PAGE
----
Friday, 12 November 2010


I returned yesterday from a three night break in Norfolk. I went with two very nice gentlemen (Chris Grady and Michael Smith) who, despite the odd bit of bullying (told you I'd put it in my blog), made the trip very enjoyable.

Those of you who aren't aware of Norfolk as a birding mecca must have been living on a different planet for a long while, it has tens of thousands of people flocking there from all over the country and it never fails to deliver something for everyone.

Weather wise it was pants this trip, save for the odd sunny spell the first two days and a rather prolonged spell of an hour or two on Wednesday. However did it still produce some excellent stuff? It sure did. Four lifetime firsts for me, Grey Plover, Shorelark, Eider Duck (in the wild), and Jack Snipe. It also added to my yearly total with Turnstone, Red Breasted Merganser, Brent goose, Egyptian Goose, Bar tailed Godwit, and Glaucous Gull.

Grey Plover.

The above picture was taken in the evening light on Titchwell RSPB reserve. It was the second location that we'd seen Grey Plover, the first time we'd seen one was during a heavy rain squall so I could not photograph it. Seeing this one and photographing him was a real bonus for me.

Photographically the weather gave me the opportunity to improve my skills, It was a case of upping ISO levels and trying different aperture settings. At Cley Marshes NWT reserve the Snipe were coming very close, but the light was absolutely appalling but I persevered and managed to get one or two shots which I was very pleased with, this shot is one such example.

Common Snipe.

The Jack Snipe I mentioned seeing was a real treat, I had obviously never seen one before other than in books, I knew it was smaller and had a shorter beak from what I'd read, but Chris and Mike assured me that once I'd seen one I would immediately know it, well they were completely right. It is so different, and if someone ever asked me now how I knew what I saw was a Jack Snipe and not a Common Snipe I would merely say it Jis, (it just is). It is one of those birds that couldn't be anything else, it couldn't be a common snipe, it is so different. Smaller, Shorter beak, more pronounced stripes on the back, constantly bobbing up and down, and it looks so different. We saw one twice on the same day, briefly and fleetingly in amongst reeds and watercress type plants I only managed a partial shot of it, but I think you can see the difference in beak size from this shot.

Jack Snipe.

A truly cracking little bird.

We spent a short period of time on the Tuesday morning sea watching. It's something I've never bothered with before as I didn't realise just how much can be seen. It never occurred to me that stuff moves around our coastline all the time. But I am truly hooked now and would happily spend a few hours doing so at any given opportunity.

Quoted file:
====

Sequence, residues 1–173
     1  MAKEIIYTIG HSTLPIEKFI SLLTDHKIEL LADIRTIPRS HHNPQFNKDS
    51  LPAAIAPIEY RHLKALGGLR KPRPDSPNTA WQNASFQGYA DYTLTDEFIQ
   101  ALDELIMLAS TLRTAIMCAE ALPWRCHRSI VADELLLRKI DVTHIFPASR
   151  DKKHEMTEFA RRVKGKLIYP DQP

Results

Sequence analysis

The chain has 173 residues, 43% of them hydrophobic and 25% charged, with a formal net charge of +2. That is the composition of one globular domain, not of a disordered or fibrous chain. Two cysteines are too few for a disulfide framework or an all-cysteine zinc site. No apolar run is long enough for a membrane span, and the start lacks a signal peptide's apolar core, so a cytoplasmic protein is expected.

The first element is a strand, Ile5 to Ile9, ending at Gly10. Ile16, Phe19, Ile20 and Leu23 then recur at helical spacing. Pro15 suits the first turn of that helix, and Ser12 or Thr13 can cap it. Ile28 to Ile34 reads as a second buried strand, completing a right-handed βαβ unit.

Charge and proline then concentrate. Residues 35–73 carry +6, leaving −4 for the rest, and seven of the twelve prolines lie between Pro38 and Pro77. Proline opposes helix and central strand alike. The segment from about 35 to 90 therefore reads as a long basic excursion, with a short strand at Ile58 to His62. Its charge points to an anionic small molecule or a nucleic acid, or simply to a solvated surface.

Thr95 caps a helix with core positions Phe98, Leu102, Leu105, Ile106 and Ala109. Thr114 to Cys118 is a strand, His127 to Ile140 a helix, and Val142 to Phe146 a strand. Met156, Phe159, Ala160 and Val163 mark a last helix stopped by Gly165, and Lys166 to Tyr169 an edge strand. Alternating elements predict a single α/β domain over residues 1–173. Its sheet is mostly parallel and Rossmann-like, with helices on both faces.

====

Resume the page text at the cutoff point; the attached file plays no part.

We saw, Ducks, Geese, Waders, Auks, and Gulls all within a short space of time. I saw wild Eider Duck swiming past, I saw Gannets fly past and when they were pointed out to me saw Red Breasted Merganser which I recognised. But there were also a lot of birds which I had no chance of identifying. Thanks though to Chris, Mike and a couple of other chaps who stood with us for a short period of time I saw quite a lot of other stuff, mostly Scoters and auks and a Bonx (skua). Now I am happy to add the Eider, and the Merganser to my yearly list because I could recognise them, however when it comes to the other stuff I could not honestly say I would recognise it if i saw it again, because I didn't see it for long enough or close enough. However I hope that one day I might become confident enough to do sea watching justice.

It was a very blustery day and one of our group decided a few pictures of the huge crashing waves might be nice so he walked down the beach to do just that, I don't want to dwell on it or cause him any embarassment but suffice to say, it pays to watch whats going on around you when you are stood next to an incoming tide. Unfortunately he didn't. Nuff said.

I am a simple man, I have no desire to acheive things in my life, other than to see my kids grow up as decent, well balanced human beings. I find great pleasure in the most simple things and kneeling on the beach at Titchwell, in the company of two very good friends, in the evening light, photographing some amazing birds gave me immense pleasure. I think I said outloud that if I died there and then I would have died extremely happy. It was just beautiful, words can't really do it justice, the golden light, the fresh salty smell of the sea, the high pitched calls of the Oystercatchers and Curlews, and the little birds and their scurrying around getting the bits of food from amongst the shells and pools were just overwhelming.

I know that Mike struggled with the walking, and chris was disappointed with the lack of light, but the occasion, for me was made all the better for their being there. Last year when I had my motorhome and I travelled and saw some great stuff, the thing I missed the most was not having people there to share the moments with me. I don't mean in a soppy lovey dovey way, just being able to have someone with whom you can share the moment makes it so much more enjoyable. Thanks Mike and Chris.



Bar tailed Godwit.



Hope you enjoy, as always click for bigger versions. More to follow in the next post.